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Elder Rage, or Take My Father... Please!: How to Survive Caring for Aging Parents


If you’re amongst the millions of baby boomers who is or wll be caring for an aging loved one, the Following  will prove to be an absolutely critical resource:
The Ultimate Caregiver’s Success System


Beyond Driving with DignityThe workbook for the families of older drivers


Knowing you are not alone
can be a great help

Stuck in the Middle: Shared Stories And Tips For Caregiving Your Elderly Parents


Could you use a guide that explains the Assisted Living maze?

Check out Ryan Malone's Book

The By Families, For Families Guide to Assisted Living: A Step-by-Step Guide to Evaluating and Transitioning to an Assisted Living Community


Carolyn Rosenblatt has authored this great series on senior issues.

The Boomer's Guide to Aging Parents: The Complete Guide


David Solie has authored this great book on geriatric and intergenerational communication:

How to Say It to Seniors: Closing the Communication Gap with Our Elders


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Family ... End of Life Issues


Selecting A Funeral Service Professional

by Ryan Lee, A Day in the Life of Death

Ryan Lee - A Day in the Life of DeathThe shopping population is filled with unique consumers, each valuing a wide assortment of options and choices with varying degrees of emphasis. From the cars we drive to our lodging choices that we select while we travel, there is no “one size fits all” solution for any product or service provider. While General Motors sells tens of thousands more vehicles each year than Rolls Royce, few of us would make the argument that Buick is a superior brand to Rolls Royce. Likewise, every funeral home offers unique service standards that will vary greatly. It is up to the consumer to find the right funeral service provider for their needs.

There are countless memorial associations and cremation societies that serve a primarily cost focused segment of the population, while there are top tier firms that offer only white glove service and premium products. It is very unlikely that any consumer selecting to utilize the services of a cremation society will ask their service provider for a leather bound registry book, a solid mahogany cremation container or for a solid bronze urn with decorative gold detailing. However, such products do exist for the sole purpose of serving the segment of the population who desire only the finest craftsmanship and quality in every product that they purchase. Just as a consumer is able to find a single suitcase that retails for over ten thousand dollars, one may also purchase a 48oz per square foot solid bronze casket that has 24k gold plated hardware and retails for approximately thirty thousand dollars.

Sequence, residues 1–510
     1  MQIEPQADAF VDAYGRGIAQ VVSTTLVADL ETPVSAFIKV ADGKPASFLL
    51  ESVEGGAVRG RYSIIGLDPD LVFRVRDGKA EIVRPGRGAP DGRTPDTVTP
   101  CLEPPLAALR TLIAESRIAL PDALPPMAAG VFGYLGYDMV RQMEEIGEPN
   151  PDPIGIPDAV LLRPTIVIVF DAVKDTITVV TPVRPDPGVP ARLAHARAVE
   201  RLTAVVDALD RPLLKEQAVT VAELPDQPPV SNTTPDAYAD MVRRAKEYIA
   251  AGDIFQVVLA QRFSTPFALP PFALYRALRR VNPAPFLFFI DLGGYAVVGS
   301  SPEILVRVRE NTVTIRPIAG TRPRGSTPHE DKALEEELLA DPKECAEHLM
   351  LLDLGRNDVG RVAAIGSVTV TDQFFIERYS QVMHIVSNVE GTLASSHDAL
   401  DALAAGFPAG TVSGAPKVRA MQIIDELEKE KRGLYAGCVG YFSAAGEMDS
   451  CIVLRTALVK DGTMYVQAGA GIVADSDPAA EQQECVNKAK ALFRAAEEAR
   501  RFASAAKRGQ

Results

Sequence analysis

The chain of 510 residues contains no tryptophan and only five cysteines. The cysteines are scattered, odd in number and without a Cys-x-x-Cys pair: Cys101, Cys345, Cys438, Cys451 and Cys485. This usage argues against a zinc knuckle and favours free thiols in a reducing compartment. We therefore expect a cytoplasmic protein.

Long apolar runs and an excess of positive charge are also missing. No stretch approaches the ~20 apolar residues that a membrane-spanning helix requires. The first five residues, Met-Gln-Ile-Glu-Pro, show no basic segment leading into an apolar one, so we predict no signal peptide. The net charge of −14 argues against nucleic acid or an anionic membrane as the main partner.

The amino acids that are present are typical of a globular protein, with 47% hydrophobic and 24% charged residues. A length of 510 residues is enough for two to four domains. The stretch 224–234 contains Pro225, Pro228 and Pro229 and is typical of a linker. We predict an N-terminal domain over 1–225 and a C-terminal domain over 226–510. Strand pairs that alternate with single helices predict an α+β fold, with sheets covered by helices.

As consumers we are all looking for something different. Those things that are important to one person are not necessarily important to another. Our automobiles are a great reflection of our purchasing personality. Are we budget conscious, or performance and quality oriented? Is it truly size or gas mileage that matters?

The wisest of consumers will translate the same energy and effort that they placed in their last car purchase into the selection of a funeral service provider. It is not necessarily the bottom line cost of the products and services that are being purchased that matters most. The overall fulfillment of your expectations and needs being met will truly be the level of satisfaction that you will remember most.

Funeral homes vary greatly one to the next, regardless of ownership or location. There are funeral homes that serve as few as twenty-five families per year and there are others that will serve thousands of families on an annual basis. The number of families served may not necessarily be an indicator of the quality of service that you will receive as a client. Funerals are a very personal experience. Our life is more complex than to simply allow us to just select a funeral home at random from a list, or to even rely upon the selection of previous generations. Did you buy your car from the same place that sold your grandpa a car, simply based on that fact?